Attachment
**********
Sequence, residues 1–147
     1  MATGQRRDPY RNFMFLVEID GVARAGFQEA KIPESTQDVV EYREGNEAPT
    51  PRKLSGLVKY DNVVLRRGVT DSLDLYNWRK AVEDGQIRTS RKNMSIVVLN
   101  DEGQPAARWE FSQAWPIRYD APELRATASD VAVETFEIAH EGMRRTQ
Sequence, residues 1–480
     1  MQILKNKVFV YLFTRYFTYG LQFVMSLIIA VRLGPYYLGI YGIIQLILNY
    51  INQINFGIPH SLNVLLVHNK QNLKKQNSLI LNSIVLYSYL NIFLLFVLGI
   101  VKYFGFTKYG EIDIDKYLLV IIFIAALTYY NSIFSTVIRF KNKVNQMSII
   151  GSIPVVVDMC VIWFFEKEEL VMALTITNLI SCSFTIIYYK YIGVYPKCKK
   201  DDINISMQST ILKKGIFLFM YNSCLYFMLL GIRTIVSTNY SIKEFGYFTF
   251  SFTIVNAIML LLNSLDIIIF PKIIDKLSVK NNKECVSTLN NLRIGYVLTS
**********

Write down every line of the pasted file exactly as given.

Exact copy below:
Sequence, residues 1–147
     1  MATGQRRDPY RNFMFLVEID GVARAGFQEA KIPESTQDVV EYREGNEAPT
    51  PRKLSGLVKY DNVVLRRGVT DSLDLYNWRK AVEDGQIRTS RKNMSIVVLN
   101  DEGQPAARWE FSQAWPIRYD APELRATASD VAVETFEIAH EGMRRTQ
Sequence, residues 1–480
     1  MQILKNKVFV YLFTRYFTYG LQFVMSLIIA VRLGPYYLGI YGIIQLILNY
    51  INQINFGIPH SLNVLLVHNK QNLKKQNSLI LNSIVLYSYL NIFLLFVLGI
   101  VKYFGFTKYG EIDIDKYLLV IIFIAALTYY NSIFSTVIRF KNKVNQMSII
   151  GSIPVVVDMC VIWFFEKEEL VMALTITNLI SCSFTIIYYK YIGVYPKCKK
   201  DDINISMQST ILKKGIFLFM YNSCLYFMLL GIRTIVSTNY SIKEFGYFTF
   251  SFTIVNAIML LLNSLDIIIF PKIIDKLSVK NNKECVSTLN NLRIGYVLTS